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Sweden’s telecom regulator, Swedish Post and Telecom Authority (PTS), is cracking down on mobile operator Telia for offering free access to Facebook and Spotify for customers who have topped their data limits. While PTS has yet to issue a final ruling on the matter, it has stated that Telia’s campaigns are in violation of EU rules on net neutrality, because Telia is not treating all internet traffic equally.
PTS has given Telia until January 4, 2017, to adjust their offerings to be in line with EU net neutrality guidelines, which prohibit telecom operators from zero-rating in cases when all digital services are blocked because the customer has reached their data cap.
While the EU acknowledges that there may be exceptions, the rule is meant to prevent telecom operators from offering a market-leading service, like Facebook, for free, while charging customers for access to its competitors.
PTS first started investigating Telia’s two promotional offers last May, following fierce criticism from local media companies. Representatives from 27 Swedish newspapers, radio and TV stations published a statement arguing that by favoring certain apps over others, Telia’s campaigns were a direct attack on the idea of an open internet. They further claimed that the agreement would give Facebook and Telia an unfair advantage over other media and telecom companies, respectively.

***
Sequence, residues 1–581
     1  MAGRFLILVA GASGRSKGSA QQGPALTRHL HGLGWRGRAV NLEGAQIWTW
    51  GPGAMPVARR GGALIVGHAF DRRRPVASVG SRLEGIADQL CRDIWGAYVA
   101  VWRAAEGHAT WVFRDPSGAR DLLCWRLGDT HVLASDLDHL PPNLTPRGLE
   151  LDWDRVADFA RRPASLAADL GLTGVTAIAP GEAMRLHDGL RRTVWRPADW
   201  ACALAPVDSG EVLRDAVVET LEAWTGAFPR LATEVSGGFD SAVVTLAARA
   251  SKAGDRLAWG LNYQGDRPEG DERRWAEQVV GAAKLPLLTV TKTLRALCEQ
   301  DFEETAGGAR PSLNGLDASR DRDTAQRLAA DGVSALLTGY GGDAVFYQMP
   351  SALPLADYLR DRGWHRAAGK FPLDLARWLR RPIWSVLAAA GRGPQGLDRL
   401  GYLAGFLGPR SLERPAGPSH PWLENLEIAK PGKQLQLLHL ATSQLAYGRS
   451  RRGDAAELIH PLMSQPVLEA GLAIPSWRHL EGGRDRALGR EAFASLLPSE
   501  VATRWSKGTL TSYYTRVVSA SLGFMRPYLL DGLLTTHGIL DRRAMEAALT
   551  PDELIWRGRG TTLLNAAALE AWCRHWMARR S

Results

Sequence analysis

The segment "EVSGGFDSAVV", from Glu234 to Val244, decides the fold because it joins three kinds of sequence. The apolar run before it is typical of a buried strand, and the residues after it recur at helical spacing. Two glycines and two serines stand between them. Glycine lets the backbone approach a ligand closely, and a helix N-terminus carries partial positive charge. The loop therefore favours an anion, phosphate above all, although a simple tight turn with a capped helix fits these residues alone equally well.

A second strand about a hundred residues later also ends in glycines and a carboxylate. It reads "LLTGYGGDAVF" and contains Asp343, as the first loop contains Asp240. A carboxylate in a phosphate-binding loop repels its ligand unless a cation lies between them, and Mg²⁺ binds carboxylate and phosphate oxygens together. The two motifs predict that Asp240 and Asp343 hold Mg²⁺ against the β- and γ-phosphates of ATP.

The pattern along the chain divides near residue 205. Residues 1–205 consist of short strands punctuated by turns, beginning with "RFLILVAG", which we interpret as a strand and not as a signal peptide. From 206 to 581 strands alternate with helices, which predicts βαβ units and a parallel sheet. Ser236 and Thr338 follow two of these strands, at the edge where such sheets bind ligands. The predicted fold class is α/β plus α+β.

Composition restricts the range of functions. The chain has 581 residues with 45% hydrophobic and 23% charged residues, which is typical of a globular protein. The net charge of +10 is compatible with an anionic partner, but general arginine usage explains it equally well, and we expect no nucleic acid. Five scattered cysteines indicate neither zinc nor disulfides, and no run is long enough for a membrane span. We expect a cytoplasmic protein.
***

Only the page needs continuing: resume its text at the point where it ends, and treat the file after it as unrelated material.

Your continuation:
Telia is already Sweden’s largest mobile service provider, but its market share has declined steadily over the past few years. According to PTS data, Telia accounted for 35.8% of all mobile voice and data subscriptions in Sweden as of H1 2016, down from 41.1% in H1 2010. It’s likely that Telia’s zero-rating deals for Facebook and Spotify are an attempt to reverse the decline in its subscriber base.
Based on eMarketer estimates, Sweden has the highest mobile phone Facebook user penetration rate in Western Europe and the third-highest in the world, at 56.7% of mobile phone users in 2016. IIS’s (Internetstiftelsen i Sverige) annual report placed mobile Facebook usage in Sweden even higher, at 68% as of April 2016, but its figure only includes smartphone owners.
IIS’s report also showed that Spotify usage in Sweden is widespread, with nearly half (48%) of internet users ages 12 and up using the music streaming service weekly.
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